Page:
Here’s a quick trick for viewing all your open tabs on your other computers. It’s great for collecting and watching YouTube videos on your TV, for example — and a lot more, too.
Look, I’m not here to judge. Okay, well technically as a professional blogger, about 90% of my job is judging. But I’m not here to judge you and the sick little way you keep so many tabs open at once. [Editor’s note: ¯\_(ツ)_/¯ ]
No, I’m not a tab hoarder. I can stop any time. Yeah, sure I can.
Rather, I’m here today to tell you about a cool trick that will allow you to easily access all your open Chrome tabs from whatever machine you happen to be on at the time.
If I were to subject myself to a moment of self-examination, I’d have to admit I like to collect YouTube videos in tabs. I look at the videos YouTube presents to me each day, and then open a bunch of them in new tabs to watch later.
Because I’m being brutally honest with myself (and with you), another admission is in order. I tend to do this while on my work computer, often when I’m supposed to be writing. When whatever I’m working on becomes just too much, I take a five minute YouTube browsing break and collect more videos in tabs.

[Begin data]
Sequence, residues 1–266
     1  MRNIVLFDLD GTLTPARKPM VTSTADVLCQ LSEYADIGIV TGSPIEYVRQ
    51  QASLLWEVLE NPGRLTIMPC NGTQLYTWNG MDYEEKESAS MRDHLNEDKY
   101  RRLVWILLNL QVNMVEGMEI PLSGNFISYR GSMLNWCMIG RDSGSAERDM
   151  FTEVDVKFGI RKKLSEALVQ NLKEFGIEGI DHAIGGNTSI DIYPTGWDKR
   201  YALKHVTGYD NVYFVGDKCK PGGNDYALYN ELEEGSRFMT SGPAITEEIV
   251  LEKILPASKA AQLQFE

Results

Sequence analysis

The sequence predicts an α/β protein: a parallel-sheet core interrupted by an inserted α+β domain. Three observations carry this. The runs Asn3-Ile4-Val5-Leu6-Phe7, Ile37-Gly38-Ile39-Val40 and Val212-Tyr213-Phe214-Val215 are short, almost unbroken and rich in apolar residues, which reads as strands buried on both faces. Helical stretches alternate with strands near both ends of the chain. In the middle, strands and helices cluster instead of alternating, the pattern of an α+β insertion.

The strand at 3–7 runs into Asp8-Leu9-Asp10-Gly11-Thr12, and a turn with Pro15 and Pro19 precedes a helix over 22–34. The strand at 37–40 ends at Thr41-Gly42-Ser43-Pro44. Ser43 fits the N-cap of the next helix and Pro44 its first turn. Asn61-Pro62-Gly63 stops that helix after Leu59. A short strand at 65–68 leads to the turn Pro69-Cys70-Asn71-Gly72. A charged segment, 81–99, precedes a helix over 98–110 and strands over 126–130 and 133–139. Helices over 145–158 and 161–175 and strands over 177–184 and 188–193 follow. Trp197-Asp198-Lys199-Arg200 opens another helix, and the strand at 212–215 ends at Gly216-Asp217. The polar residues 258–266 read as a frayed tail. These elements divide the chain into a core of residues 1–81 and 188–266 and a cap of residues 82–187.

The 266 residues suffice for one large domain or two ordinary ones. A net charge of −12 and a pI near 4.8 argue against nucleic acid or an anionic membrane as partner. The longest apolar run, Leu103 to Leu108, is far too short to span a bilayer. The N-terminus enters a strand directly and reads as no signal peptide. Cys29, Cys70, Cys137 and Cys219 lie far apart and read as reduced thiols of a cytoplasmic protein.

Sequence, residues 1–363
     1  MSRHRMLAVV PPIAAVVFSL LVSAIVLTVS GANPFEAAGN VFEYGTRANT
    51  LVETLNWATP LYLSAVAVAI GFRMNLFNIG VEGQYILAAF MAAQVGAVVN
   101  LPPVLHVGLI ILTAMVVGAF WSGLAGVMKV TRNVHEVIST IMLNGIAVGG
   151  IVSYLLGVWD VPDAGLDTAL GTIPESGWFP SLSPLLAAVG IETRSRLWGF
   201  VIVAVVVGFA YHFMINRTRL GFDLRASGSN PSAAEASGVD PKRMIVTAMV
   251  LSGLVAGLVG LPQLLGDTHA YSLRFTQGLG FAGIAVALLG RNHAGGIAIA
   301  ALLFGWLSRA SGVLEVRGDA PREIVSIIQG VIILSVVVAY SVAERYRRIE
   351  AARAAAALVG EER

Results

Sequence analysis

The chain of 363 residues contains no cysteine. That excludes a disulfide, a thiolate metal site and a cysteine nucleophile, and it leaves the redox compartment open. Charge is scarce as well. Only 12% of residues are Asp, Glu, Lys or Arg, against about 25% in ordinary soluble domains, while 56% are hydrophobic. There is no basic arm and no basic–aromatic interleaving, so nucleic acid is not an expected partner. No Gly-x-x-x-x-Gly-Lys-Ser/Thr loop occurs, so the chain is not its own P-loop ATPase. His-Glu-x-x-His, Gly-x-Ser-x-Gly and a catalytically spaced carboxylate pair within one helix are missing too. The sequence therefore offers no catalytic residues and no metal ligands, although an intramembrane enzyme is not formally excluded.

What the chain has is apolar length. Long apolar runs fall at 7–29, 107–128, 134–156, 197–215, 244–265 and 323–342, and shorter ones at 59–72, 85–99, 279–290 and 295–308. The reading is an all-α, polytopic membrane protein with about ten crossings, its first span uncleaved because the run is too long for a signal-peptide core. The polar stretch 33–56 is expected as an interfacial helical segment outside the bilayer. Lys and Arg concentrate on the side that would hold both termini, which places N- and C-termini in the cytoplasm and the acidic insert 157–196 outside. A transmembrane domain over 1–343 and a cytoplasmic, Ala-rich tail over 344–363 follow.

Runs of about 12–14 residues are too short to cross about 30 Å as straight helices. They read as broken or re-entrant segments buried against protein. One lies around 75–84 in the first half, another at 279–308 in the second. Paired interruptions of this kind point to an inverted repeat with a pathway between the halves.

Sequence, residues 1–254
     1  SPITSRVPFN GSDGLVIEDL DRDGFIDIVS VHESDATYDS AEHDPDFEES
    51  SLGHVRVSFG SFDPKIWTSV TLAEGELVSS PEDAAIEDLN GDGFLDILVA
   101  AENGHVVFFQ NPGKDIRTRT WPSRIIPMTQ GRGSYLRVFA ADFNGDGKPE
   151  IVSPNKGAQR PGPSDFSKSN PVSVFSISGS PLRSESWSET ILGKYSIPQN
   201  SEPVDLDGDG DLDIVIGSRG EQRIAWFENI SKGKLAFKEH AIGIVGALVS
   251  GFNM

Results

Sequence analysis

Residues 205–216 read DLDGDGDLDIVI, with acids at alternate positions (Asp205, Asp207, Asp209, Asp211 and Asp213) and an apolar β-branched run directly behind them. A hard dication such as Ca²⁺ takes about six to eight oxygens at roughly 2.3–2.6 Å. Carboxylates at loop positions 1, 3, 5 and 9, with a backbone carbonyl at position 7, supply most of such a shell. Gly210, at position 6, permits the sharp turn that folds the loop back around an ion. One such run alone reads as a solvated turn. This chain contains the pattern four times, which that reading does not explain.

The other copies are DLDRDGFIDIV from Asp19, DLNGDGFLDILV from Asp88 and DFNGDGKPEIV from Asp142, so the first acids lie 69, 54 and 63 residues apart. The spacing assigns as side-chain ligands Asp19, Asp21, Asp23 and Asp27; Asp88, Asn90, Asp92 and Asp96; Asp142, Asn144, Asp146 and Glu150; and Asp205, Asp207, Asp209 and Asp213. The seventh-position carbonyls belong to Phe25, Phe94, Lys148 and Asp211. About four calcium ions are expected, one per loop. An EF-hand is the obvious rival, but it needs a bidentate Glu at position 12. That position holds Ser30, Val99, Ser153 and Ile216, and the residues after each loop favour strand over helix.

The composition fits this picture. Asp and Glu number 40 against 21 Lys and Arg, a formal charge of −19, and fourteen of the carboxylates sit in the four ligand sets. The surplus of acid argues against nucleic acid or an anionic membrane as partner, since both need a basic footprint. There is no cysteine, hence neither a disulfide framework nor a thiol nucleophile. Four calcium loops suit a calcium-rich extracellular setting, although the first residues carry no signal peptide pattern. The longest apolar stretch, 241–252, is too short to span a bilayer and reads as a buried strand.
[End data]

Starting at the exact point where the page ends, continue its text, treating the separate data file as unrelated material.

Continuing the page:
Like I said, I can quit at any time. It’s certainly not that I pay extra to be able to watch YouTube videos without ads, or that I tweak my history so YouTube only recommends subjects I want to see. No, I’m not p0wn3d by YouTube.
I like to watch those videos later on, or in the morning when I’m waking up. I have a Mac mini connected to the big screen TCL Roku TV in the family room. I was initially frustrated, because the open tabs with all the great videos I’d chosen were on my work computer, but I wanted to watch them on the TV computer.
But as Jeff Goldblum’s Ian Malcolm says, “Life finds a way.” And I found a way.
There are three steps to this really neat solution:
- Go to your main Chrome History page. That’s History under the hamburger (three bar menu) and then choose History from the top of the submenu.
- Click on Tabs from other devices. This is a special page under history, located at chrome://history/syncedTabs, that contains all your open tabs on other machines.
- Then, bookmark that page and put it on your bookmarks toolbar, for each access.
As you can see, I created a bookmark called Open Tabs. Whenever I click it, I can see all the tabs from my other machines. My main work machine is Eagle, and I can easily click on any of those open videos and watch them on the big screen with a cup of coffee and a nice hot bowl of oatmeal and fruit.
One caveat: all your Chrome instances need to be logged into, and you have to have sync turned on. But if you do that, you can share tabs any time you want. I can’t wait until tomorrow morning, because I’m definitely watching that video on cardboard.
Hey, I don’t judge you. Don’t judge me. ‘Kay? K.
Written by David Gewirtz, Senior Contributing Editor
Featured Image Credit: Getty Images/Delmaine Donson